Wilkinson dismisses this by saying “the fact that bad people with bad motives support a policy does not mean it is therefore bad policy.” Which is true enough. He says he thinks relaxing rational worries about “distributive consequences” will push the median voter toward greater acceptance. But further down in the piece, he explains himself how tolerant cosmopolitanism is screened out of the national conversation in favor of nationalism, even among liberals. Given the political climate, and the arguments that would be employed to rationalize and end to birthright citizenship, I just don’t see Will’s scenario playing out.

  2. Brian Moore says:

    Yeah, I’m with Will in spirit but not the letter. If we got a freer labor market, which I think is great for independent reasons, that would be wonderful. And I’d certainly be willing to try to get anti-immigration people on board by limiting access to whatever entitlements they want (a libertarian against expanding entitlements, what a shocker!) — the second class citizen thing doesn’t bother me, since however second class an illegal immigrant would be it’s hard to argue it would be worse than the class they are now.

    I don’t really have a principled attachment to birthright citizenship; I just think that ending it without meaningful immigration reform already in place will cause unnecessary practical problems without achieving any goals.

  3. Greg N. says:

    I wonder whether – for purposes of this debate – the relevant issue isn’t the degree to which entitlement benefits really are tied to citizenship, but the degree to which the median voter thinks they are. If the median voter is convinced, rightly or wrongly, that automatic citizenship means all sorts of expensive entitlements, then ending birthright citizenship might still yield the political results Will is looking for, even if it won’t actually solve any fiscal problems associated with immigrants and welfare.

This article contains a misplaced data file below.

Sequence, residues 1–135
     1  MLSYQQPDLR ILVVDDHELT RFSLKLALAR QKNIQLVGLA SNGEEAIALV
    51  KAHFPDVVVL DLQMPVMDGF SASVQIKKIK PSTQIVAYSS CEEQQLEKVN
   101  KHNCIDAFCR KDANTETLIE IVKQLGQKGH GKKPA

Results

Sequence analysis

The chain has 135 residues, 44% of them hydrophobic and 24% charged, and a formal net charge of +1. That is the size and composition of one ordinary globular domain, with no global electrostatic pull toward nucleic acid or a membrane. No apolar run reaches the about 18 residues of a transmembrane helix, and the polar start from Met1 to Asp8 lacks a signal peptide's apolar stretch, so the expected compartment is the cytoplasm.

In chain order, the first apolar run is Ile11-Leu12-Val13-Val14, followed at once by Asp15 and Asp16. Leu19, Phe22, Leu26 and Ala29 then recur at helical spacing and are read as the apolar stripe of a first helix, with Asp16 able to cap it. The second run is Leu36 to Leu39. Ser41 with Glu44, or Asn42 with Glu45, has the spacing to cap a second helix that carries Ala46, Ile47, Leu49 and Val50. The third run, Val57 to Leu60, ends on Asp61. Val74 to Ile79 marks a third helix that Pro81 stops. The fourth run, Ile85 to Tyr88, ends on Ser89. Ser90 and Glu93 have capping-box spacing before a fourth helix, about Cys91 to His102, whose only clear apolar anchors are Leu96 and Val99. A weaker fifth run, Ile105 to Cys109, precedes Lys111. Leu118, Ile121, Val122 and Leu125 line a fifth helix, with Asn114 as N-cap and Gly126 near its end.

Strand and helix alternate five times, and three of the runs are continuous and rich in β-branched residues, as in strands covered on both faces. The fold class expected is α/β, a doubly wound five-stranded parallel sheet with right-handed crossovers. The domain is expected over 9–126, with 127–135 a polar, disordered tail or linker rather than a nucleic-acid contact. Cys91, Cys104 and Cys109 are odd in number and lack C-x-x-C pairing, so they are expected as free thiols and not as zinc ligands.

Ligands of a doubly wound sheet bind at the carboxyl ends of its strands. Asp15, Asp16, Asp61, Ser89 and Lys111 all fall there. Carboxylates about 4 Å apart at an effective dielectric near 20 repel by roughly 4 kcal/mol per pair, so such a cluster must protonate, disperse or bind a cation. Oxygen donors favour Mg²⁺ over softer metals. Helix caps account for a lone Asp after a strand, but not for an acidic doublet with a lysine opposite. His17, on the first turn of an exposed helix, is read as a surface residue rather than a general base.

4. Crissa says:

    Thousands were born to refugees, unnaturalized citizens, and even students from abroad. The fact is, being an undocumented immigrant can and does happen unpredictably to anyone visiting a country to study, work, or live there. The INS system is not only imperfect, it’s downright broken.

    We can’t be a truly free society and have borders of steel. It’s economically and environmentally impossible.

  5. JamieMc says:

    Liberals are “solidaristic nationalist”?

    That’s news, especially since every time that theory gets tested, like, say, in the case of immigration reform, they prove themselves not to be.

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  7. Nurul says:

    I didn’t even argue about yhe population exolispon. The discourse on this topic has dissipated long ago but remain a continuing issue. China recognized this problem and enacted draconian measures to control the numbers. The country doesn’t feel a need to discuss it but I would prefer to not have a billion Americans. I don’t care what the specific number is I hope it’s just right to take care of each other and not use up all the resources and not cheat many out of their share of jobs and resources. According to an article in The Week (which boils down opinion columns, news stories, etc.), the U.S. birthrate in 2011 was the lowest ever recorded, with only 63 births per 1,000 women of childbearing age down from 71 in 1990, and 122 at the height of the postwar baby boom. . the reality is that we need more people. If our fertility rate continues to lag, there won’t be enough young workers to support aging Americans as they gobble up retirement benefits. The U.S. could come to resemble a nation-sized nursing Home. Fortunately, there’s an easy solution: immigration. To get more young workers, we can open our doors wider to ambitious families from other countries. Plenty of ambitious and fertile young people want to move to the U.S., .The fact that our birthrate is dropping only strengthens the case for letting them in.